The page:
Make your own spray paint cans

[Mikeasaurus] found a way to build his own refillable spraypaint canister. The donor vessel used here is a plastic soda bottle. It’s a great choice since it is engineered to house a pressurized liquid and you can find them for free by intercepting a satisfied soda consumer before they reach the recycling bin.

He repurposed the spray nozzle from a commercial spray paint can. By first releasing all of the pressure from the empty paint he could then use a hack saw to remove the top disk. He used Sugru to attach it to the bottle cap which has a hole drilled in the center to accept the feed straw. We wonder if there wouldn’t be a better way to attach this from the inside of the cap for better resistance to bottle pressure?

The final piece of hardware is a Shrader valve from a bicycle inner tube. This lets you pump up the pressure in the bottle. You’ll need to dilute the paint you use to make it sprayer-friendly. [Mikeasaurus] diluted his six to one which might have been a bit too much judging from the drips seen in the video after the break.

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Double-pendulum spray gives this graffiti bot some style

Here’s an art exhibit that does its own painting. The Senseless Drawing Bot (translated) uses the back and forth motion of the wheeled based to get a double-pendulum arm swinging. At the end of the out-of-control appendage, a can of spray paint is let loose. We’re kind of surprised by the results as they don’t look like a machine made them.

The video after the break gives a pretty good synopsis of how the robot performs its duties. The site linked above is a bit difficult to navigate, but if you start digging you’ll find a lot of build information. For instance, it looks like this was prototyped with a small RC car along with sticks of wood as the pendulums.

We can’t help but be reminded of this robot that balances an inverted double pendulum. We wonder if it could be hacked to purposefully draw graffiti that makes a bit more sense than what we see here?

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Robo Rainbow graffiti machine

[mudlevel] built this rainbow graffiti producing robot for an art exhibit in San Diego. While there are no build details we can easily pick this apart from the pictures. Looks like the brains are an arduino, the drive is a power drill with the trigger removed, and a few other servos for firing the spray cans.  The counter weighted arm for creating the rainbow was a pretty good idea too. Watching this, we had an idea for a super simple purely mechanical way to do this that would be similar to a catapult.  You could use the motion of the trailer to “wind up” the counter balance with a simple ratcheting spool of string attached to the axle. Engage your spray cans and let the balance drop and you’re done.  Pedal on to re-wind the counterbalance for another rainbow.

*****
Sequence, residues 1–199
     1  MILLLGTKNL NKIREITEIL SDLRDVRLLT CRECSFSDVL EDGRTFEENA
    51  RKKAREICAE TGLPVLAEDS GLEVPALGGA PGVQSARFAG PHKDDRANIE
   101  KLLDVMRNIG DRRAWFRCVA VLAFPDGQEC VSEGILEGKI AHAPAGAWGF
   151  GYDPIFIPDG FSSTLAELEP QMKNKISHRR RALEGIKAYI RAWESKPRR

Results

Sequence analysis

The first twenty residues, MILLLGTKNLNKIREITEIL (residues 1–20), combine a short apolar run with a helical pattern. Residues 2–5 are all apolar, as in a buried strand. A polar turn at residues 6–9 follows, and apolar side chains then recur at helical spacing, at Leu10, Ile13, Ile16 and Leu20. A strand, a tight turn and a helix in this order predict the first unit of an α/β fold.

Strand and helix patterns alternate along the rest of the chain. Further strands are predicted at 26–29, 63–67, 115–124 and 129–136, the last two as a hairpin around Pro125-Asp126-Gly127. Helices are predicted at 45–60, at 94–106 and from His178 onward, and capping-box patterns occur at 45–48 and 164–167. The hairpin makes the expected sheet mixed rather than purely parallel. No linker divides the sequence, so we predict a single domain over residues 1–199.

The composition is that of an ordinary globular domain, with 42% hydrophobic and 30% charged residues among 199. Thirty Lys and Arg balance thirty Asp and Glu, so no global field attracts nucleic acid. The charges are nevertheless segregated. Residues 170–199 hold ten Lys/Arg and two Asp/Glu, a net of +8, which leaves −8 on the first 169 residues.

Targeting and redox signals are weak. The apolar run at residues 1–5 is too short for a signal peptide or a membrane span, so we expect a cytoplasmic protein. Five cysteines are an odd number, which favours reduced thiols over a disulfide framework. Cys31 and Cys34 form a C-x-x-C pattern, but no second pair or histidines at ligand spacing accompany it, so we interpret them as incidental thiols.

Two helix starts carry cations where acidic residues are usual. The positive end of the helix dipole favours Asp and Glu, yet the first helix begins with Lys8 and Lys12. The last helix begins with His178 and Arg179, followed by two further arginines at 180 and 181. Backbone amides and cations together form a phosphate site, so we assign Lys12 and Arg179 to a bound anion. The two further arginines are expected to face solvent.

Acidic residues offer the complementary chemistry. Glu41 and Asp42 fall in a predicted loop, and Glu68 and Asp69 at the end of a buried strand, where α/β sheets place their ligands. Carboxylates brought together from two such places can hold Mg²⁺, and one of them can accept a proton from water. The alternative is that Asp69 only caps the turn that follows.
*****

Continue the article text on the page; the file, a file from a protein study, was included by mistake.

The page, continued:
Negative laser etching

[James] has been refining a method of negatively etching metal with a laser. He had been using a product called Thermark which is designed for this process, but it’s quite expensive. He found that paint designed for wood stoves works just as well. To prepare the surface he bead blasted it and then cleaned of the residue and finger prints off with acetone. The board was preheated in an oven before covering it with the spray paint. He ran the laser at 98/100 power and 90/400 speed at a step size of 0.1mm to achieve the results above. This should immediately make you think about making circuit boards. We’d love to ditch the toner transfer and we’re always looking for one more reason to get a laser cutter.

Graffiti machine sprays for you

[Ben’s] father was a metalworker and the combination of being around metal fabrication for most of his life and getting a couple of art degrees brought together a satisfying combination of hacking skills. Above you can see a Graffiti Machine that he built, which we’ll look at in-depth after the break.. This isn’t the first CNC machine he’s worked on. [Ben] became interested in rapid prototyping but was put off by the cost of commercial cutters, which led him to build his own CNC plasma cutter.

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PIC controlled spray paint


Most people make LEDs light up for their first microcontroller project. [Alex] built a “large scale dot matrix printer.” This beast is a PIC controlled ground graffiti machine. As it rolls across the ground it deposits strategically located bits of spray paint. Rather than use actual spray paint, he opted for a set of solenoid controlled nozzles that shoot the paint downward.